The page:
Dearest readers, see if you can find the relationship here.
Kay, a Harvard mentor of Orin and me, steered me to a paper co-written by my friend Susanna at Stanford:
To date, only a little is known about the dynamics of teacher performance in the first five years. This paper asks how much teachers vary in performance improvement during their first five years of teaching and to what extent initial job performance predicts later performance. We find that, on average, initial performance is quite predictive of future performance, far more so than typically measured teacher characteristics. Predictions are particularly powerful at the extremes.
Then Alia (now director of operations at Relay, go Alia!) sent me this story from EdWeek. Otis Kriegel of NYU writes:
I stopped at our "spot" and turned around, expecting to see 23 pairs of eyes focused upon me. But I did not. The front of the line was intact, as was the back. But the middle chunk was gone. It looked like someone had scooped up a group of my students and thrown them around the yard. They were everywhere, running, playing tag, or rolling around on the concrete in fits of laughter, backpacks tossed midstride. Frustrated and embarrassed, I yelled after them, but my voice landed on deaf ears. I abandoned the line of kids who had walked with me and ran across the yard to chase the others back over.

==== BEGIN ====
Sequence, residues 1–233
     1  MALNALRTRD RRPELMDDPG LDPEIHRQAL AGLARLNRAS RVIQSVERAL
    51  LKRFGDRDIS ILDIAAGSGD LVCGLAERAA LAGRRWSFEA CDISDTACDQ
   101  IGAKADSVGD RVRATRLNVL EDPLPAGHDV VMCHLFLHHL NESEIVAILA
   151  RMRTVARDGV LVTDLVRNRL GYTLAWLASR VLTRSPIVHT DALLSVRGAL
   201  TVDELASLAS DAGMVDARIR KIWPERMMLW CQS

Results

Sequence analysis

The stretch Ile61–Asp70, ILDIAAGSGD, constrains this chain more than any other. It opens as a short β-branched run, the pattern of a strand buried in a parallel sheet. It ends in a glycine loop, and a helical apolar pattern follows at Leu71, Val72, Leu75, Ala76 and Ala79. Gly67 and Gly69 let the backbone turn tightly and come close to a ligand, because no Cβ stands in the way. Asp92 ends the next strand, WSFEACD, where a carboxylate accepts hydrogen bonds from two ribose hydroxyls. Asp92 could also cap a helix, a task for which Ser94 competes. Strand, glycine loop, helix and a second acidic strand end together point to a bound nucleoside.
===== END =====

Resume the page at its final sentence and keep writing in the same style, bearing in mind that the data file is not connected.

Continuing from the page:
By the time I returned—my shirt unbuttoned, undershirt damp—my other students had dismissed themselves. What had gone wrong? My principal looked at me, half laughing, half serious, and said, "You'll get the hang of it."
The question I had was why, during two years of graduate school, including a year of student-teaching, didn't anyone tell me how to avoid a problem like this?
Well said. Makes me want to buy his book.
Hmm. Let me get this straight.
If we could somehow* prepare unusually good rookie teachers, then Loeb et al show convincingly that those unusual good rookies are quite likely to actually flourish as they become more experienced?
And, by contrast, if we have teacher prep programs that (with various justifications) generate many rookies who struggle, those teachers quite likely to struggle with their pupils going forward, forever, until they leave the profession?
Hmm. Would that imply the "You'll figure it out" approach to teacher prep, with huge amounts of abstract knowledge and modest amounts of practical knowledge, is a bad idea for many rookie teachers (and ultimately students)?
*Possibly by actually listening to teachers describe the "real life" challenges they face, and then map a prep experience to prepare them for that reality, and then hiring folks to lead that teacher preparation who themselves have proven they can solve those real life challenges....I don't know, I'm just saying.